Jessica Jones Season 2: Episode 11 – “Three Lives and Counting” Review

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Jessica Jones Season 2: Episode 11 – “Three Lives and Counting” Review


This review contains spoilers for Marvel’s Jessica Jones Season 2, episode 11, titled “Thee Lives and Counting.” To see where we left off, check out our review of Season 2, episode 10 and follow along with our full season binge here.

That’s more like it.

We’ve waited all season for Kilgrave to reappear, and episode 11 deploys him perfectly — not somehow resurrected in a way that would undercut the impact of his death, but as the devil on Jessica’s shoulder, giving voice to her worst impulses and deepest insecurities. Kilgrave (or rather Jessica’s subconscious manifestation of him) is probably right that he’ll always be inside her — there’s no erasing the trauma of rape or the other heinous things he forced her to do, but by taking back control, both mentally and physically, Jessica is refusing to let herself be defined by how others see her.

She’s not a killer or a pawn. Everyone is capable of harming someone else, whether they have super-powers or not — and by recognizing that she does have a choice in how she responds to obstacles, it seems like she’s finally able to come to terms with who she is.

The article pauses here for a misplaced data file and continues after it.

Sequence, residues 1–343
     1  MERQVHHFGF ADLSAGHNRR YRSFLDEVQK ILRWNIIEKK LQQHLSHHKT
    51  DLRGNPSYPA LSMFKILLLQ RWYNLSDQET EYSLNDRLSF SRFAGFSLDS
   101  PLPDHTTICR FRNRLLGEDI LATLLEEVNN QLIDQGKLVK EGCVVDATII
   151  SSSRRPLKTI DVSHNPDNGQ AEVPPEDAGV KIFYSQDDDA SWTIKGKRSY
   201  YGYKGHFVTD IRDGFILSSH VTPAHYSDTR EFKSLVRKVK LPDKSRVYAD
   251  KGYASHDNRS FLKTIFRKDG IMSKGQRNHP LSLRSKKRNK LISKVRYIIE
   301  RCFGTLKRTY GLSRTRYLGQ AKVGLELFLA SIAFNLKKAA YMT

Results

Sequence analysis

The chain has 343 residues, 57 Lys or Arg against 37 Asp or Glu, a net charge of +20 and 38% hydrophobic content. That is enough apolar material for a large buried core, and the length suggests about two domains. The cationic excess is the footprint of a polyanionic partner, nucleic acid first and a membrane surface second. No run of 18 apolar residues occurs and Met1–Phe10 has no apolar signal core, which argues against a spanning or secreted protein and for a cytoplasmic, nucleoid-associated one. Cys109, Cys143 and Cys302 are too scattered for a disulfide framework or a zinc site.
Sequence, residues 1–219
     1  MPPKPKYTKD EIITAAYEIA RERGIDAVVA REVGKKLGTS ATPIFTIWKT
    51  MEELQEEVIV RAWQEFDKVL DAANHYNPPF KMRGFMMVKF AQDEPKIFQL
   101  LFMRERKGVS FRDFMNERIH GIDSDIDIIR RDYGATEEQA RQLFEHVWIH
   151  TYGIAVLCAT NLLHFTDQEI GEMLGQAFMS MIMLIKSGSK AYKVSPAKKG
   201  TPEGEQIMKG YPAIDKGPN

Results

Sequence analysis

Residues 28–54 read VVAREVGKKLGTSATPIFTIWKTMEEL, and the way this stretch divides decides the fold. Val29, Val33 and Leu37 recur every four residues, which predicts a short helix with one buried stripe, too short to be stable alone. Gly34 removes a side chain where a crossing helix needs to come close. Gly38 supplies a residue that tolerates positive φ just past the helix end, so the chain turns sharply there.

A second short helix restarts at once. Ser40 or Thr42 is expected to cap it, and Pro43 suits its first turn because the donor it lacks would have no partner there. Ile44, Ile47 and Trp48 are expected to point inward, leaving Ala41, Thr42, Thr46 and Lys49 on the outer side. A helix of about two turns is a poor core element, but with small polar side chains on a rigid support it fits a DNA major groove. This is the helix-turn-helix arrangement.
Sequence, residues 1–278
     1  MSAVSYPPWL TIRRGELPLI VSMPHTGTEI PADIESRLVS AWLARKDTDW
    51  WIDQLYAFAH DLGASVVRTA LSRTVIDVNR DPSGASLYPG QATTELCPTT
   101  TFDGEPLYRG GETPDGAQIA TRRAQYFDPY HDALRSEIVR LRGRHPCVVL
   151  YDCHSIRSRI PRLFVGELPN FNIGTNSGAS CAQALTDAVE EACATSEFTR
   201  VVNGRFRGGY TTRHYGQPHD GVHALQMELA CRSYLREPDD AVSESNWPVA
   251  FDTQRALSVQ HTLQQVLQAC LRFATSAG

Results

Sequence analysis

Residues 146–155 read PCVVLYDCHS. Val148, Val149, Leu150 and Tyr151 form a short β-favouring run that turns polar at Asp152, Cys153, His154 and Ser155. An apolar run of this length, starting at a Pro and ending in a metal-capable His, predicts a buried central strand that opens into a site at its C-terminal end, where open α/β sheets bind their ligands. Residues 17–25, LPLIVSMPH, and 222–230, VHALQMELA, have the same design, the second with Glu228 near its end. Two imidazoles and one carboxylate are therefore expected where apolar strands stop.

“I’m enough” is probably the most earth-shattering thing Jessica has ever said in her life; after years of abuse and self-loathing have chipped away at her self-worth, convincing her that she doesn’t matter to anyone, it’s revolutionary to hear her accept that she has value, especially without anyone needing to give it to her.

If only Trish could learn the same lesson — her insecurities and control issues have come to a boil in the most dangerous way possible, with her actually seeking genetic editing from Dr. Karl to give her the abilities she’s always envied in Jessica.

Her feelings of powerlessness have now left her literally powerless and on death’s door (and Alisa is rushing over to help her cross through it, now that she knows Trish was somehow involved in Karl’s death), but even if she wakes up with abilities thanks to Karl’s meddling, it won’t fix the hole inside her that she’s been trying to fill with drugs and fame her whole life. I’m not sure what could fill it, beyond time and a lot of self-examination, but it’s clear that she and Jessica have more issues to work through than simply not communicating with each other.

Two observations that did drive me nuts in an otherwise powerful episode: Sure, Jessica did a fine job of faking Holiday’s suicide by dropping him off the roof, but if anyone was even vaguely suspicious about his death, listening in to Jessica and Alisa’s prison call would’ve told them everything they needed to know. Considering that both women were fully aware they were being eavesdropped on, you’d think they would’ve tried to make their code a little more subtle.

On a similar note, what kind of prison guard goes into the cell with a highly volatile powered person without backup when she’s already behaving erratically? If you’d just shown your concern from a practical and protocol-approved distance, you’d still be alive, lady!

The Verdict

While a couple of baffling character decisions rob “Three Lives and Counting” of a little plausibility, David Tennant’s much-anticipated return as Kilgrave adds a thrilling jolt to the season. Deployed for maximum impact, he works perfectly as a devil on Jessica’s shoulder, but the show is also savvy in making sure that he doesn’t outstay his welcome.



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